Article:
Preserving energy is everyone's job

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By Staff

New reports surface almost daily about the toll our carbon footprint is taking on the environment. Our reliance on fossil fuels paints a scary picture for Earth’s future. The science is reputable, and the problem cannot be ignored any longer.

Small-town America has been guilty in the past of thinking only metropolitan areas need to take action to reverse the effects of global warming. We are fortunate that leaders in Nelson County are not of that mindset.

The Nelson County Justice Center earned an Energy Star award Nov. 28 from the Kentucky Division of Renewable Energy and Energy Efficiency.

The Energy Star is a national symbol for protecting the environment through energy performance. To qualify for an Energy Star, buildings must earn at least 75 points out of the Environmental Protection Agency’s 100-point energy-performance rating system.

The 50,000-square-foot justice center is heated and cooled with geothermal water-source heat pumps. The building also has energy-efficient doors, windows and insulation. These features amount to about $10,000 in annual savings.

Only 17 other buildings in Kentucky — and just 25 courthouses nationwide — have received the Energy Star. Nelson County Judge-Executive Dean Watts accepted the award from John Davies, who said the Nelson County Justice Center is part of a very select group. He commended those behind the project for “durability and responsible energy use.”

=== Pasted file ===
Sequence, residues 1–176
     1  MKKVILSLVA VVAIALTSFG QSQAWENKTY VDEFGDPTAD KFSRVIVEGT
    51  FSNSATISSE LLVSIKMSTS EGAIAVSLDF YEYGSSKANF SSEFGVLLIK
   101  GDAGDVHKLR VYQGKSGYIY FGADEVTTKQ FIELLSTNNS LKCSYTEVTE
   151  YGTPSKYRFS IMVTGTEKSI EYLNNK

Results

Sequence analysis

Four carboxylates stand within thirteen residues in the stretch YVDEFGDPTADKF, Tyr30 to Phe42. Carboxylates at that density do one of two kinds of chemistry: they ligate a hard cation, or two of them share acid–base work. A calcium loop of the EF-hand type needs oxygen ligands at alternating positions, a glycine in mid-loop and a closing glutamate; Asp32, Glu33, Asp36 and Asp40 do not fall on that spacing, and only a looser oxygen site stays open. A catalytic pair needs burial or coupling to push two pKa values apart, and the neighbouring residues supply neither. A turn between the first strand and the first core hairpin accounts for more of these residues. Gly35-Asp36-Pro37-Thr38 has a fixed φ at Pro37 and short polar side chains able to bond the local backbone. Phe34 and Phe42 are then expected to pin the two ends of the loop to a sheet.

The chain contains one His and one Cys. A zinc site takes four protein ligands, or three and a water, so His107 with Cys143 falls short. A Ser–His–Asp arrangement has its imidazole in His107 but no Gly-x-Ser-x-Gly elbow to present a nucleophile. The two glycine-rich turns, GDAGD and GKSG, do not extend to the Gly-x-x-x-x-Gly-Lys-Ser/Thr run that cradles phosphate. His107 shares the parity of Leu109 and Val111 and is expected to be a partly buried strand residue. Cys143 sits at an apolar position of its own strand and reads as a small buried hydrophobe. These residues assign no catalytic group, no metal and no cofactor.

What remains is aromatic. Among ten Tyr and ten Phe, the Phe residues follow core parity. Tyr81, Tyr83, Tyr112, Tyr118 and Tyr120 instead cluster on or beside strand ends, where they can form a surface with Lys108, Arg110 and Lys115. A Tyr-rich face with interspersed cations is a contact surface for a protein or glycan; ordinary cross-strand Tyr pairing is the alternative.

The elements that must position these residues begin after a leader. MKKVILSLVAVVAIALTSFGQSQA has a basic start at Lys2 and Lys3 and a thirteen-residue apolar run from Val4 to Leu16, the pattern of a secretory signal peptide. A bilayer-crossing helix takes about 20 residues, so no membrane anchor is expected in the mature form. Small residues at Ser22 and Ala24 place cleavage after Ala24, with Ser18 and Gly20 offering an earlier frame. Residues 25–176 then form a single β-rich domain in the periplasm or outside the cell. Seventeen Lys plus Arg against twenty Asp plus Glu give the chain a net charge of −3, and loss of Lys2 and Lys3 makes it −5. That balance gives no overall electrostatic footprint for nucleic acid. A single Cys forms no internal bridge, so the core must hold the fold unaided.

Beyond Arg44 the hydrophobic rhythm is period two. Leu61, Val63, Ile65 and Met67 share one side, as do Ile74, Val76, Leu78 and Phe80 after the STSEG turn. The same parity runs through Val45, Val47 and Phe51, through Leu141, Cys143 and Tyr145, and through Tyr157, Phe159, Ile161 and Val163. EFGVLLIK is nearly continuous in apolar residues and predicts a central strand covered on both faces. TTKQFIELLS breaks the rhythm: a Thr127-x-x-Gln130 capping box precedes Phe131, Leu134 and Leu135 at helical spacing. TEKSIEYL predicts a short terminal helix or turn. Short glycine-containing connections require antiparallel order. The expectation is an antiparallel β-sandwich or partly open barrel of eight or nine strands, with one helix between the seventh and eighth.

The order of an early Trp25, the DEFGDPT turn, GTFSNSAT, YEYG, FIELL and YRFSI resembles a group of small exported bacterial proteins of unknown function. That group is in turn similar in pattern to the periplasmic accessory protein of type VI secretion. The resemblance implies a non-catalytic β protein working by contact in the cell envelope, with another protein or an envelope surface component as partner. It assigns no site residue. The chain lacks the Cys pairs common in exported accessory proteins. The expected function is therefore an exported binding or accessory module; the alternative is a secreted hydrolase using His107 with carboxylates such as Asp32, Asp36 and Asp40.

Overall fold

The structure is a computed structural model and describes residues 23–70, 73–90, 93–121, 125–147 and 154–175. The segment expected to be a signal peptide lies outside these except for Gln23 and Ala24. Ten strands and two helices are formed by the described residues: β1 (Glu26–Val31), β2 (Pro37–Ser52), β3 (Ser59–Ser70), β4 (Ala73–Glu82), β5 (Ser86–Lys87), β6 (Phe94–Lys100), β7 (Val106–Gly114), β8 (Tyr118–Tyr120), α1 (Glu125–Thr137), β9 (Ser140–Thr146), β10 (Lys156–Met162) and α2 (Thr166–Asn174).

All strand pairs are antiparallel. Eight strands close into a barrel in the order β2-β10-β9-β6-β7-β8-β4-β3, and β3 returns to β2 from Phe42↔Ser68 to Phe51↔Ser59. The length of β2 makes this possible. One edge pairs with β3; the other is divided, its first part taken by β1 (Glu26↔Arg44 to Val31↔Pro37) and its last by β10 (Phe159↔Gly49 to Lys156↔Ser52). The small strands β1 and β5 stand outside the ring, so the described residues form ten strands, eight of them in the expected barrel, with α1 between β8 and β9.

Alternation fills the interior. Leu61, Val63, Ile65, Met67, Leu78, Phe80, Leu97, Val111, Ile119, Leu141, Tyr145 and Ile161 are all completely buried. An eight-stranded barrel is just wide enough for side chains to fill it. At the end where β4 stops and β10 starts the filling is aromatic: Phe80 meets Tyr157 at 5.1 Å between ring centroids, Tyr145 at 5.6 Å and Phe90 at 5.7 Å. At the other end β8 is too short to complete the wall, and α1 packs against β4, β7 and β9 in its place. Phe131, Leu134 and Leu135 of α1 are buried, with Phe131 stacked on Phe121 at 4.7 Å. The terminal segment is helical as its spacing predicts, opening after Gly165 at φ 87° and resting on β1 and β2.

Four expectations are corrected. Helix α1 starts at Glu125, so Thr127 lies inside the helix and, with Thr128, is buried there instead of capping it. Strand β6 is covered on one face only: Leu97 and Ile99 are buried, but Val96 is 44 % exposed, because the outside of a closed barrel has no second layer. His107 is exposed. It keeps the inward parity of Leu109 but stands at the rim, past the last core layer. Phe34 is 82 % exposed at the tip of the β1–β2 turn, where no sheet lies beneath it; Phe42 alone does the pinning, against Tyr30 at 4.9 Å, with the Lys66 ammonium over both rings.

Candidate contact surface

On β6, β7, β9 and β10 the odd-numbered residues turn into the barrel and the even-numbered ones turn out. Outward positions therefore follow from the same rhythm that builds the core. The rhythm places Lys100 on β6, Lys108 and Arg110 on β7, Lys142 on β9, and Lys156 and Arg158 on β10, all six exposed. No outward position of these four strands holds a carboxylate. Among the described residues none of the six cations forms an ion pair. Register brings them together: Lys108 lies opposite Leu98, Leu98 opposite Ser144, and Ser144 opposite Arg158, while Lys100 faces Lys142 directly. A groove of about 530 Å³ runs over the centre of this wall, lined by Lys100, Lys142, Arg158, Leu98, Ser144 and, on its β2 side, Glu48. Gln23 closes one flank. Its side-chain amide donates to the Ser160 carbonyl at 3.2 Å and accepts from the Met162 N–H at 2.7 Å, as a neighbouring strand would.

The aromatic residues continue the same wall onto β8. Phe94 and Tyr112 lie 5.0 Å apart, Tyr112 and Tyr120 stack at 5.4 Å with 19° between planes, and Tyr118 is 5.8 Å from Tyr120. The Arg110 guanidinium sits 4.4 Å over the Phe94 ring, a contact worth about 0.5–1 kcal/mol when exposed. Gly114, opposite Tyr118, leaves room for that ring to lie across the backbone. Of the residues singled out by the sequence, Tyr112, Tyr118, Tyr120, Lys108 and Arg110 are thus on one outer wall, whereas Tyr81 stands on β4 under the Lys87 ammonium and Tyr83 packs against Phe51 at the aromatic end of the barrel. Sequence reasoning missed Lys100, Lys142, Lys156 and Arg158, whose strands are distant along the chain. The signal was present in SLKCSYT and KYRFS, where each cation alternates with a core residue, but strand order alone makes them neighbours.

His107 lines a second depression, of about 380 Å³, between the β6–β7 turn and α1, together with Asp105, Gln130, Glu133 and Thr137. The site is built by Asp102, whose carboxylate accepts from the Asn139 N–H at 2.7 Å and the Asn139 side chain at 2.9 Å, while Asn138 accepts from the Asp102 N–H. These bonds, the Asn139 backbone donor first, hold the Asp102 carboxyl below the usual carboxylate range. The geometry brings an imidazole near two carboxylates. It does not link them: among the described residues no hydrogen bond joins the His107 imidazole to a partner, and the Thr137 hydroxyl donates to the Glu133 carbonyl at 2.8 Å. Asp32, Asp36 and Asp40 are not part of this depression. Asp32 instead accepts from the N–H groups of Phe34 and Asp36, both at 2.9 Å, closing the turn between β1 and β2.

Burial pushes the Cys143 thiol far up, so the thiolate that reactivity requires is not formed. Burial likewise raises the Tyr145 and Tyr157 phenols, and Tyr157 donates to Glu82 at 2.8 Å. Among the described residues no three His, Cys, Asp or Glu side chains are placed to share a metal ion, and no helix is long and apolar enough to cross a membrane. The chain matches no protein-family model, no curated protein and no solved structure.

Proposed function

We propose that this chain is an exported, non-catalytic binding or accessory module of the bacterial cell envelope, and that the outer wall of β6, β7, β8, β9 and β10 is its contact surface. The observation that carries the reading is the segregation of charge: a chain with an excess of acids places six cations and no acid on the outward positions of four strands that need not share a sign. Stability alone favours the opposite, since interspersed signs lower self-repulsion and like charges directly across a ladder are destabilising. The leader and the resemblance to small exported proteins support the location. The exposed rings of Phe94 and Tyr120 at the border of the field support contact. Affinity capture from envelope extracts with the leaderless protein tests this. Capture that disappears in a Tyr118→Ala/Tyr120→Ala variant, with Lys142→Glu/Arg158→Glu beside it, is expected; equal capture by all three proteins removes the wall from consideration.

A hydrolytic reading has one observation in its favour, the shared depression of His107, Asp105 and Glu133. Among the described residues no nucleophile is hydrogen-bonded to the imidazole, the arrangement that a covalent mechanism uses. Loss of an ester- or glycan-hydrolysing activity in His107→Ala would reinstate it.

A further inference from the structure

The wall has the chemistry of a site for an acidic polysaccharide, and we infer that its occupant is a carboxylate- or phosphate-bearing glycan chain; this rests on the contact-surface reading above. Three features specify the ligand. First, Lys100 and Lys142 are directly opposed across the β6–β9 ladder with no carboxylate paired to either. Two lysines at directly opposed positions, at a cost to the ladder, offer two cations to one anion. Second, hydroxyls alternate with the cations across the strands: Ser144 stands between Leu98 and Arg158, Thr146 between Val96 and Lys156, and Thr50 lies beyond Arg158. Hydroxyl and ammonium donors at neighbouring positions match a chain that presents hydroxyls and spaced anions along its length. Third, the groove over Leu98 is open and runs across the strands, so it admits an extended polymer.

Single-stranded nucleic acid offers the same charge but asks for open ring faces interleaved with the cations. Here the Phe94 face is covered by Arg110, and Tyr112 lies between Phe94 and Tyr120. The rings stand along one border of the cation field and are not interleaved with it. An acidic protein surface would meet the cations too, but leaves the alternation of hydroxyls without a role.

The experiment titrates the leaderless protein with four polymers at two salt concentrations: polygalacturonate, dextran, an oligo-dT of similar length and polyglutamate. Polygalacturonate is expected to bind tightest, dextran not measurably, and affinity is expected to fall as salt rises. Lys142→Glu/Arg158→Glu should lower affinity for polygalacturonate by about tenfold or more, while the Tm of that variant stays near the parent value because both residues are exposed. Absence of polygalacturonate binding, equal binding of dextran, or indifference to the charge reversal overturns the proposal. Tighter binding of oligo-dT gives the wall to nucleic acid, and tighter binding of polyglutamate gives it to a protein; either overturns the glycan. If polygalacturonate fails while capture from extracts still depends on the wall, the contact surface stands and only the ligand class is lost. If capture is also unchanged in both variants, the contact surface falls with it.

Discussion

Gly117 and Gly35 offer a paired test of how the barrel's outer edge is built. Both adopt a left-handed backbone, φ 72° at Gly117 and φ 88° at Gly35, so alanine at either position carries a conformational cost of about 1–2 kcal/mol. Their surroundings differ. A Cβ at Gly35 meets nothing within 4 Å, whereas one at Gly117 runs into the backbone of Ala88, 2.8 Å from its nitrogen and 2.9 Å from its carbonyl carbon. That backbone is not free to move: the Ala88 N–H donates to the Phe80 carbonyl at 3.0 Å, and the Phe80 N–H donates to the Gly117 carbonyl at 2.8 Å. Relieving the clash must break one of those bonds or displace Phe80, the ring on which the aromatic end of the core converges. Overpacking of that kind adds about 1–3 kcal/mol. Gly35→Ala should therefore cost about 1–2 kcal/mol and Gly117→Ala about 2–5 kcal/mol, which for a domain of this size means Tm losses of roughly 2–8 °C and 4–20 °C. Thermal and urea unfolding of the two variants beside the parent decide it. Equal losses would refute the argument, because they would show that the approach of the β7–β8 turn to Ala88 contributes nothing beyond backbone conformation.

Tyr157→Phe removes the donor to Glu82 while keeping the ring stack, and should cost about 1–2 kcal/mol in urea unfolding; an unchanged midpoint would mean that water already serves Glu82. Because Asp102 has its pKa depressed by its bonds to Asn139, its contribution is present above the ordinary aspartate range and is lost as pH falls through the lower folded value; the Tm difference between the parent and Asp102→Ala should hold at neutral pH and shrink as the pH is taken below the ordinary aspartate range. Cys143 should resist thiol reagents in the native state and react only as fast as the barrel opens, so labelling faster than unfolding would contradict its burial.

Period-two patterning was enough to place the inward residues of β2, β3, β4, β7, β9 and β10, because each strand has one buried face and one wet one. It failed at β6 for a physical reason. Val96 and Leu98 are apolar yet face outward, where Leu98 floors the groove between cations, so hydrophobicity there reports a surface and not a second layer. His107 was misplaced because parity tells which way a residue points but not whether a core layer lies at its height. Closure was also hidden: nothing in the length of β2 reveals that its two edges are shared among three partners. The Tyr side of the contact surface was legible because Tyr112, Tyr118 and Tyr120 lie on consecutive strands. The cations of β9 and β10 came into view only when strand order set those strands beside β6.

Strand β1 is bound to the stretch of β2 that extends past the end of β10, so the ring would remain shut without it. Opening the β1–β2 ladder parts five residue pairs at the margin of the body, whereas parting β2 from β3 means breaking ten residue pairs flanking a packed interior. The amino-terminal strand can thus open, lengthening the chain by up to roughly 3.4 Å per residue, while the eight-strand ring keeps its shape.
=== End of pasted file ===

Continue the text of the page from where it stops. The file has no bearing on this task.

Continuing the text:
We second that commendation. The foresight that went into designing an energy-efficient building is evidence that Nelson County, though much a history-minded community, is also focused on the future.

All of us must do our part to remedy the harm we have inflicted on our planet. It’s everyone’s problem, regardless of whether you see smokestacks or farmland on your daily route.

We applaud Nelson County for helping to tackle a perceived big-city problem while retaining its small-town charm.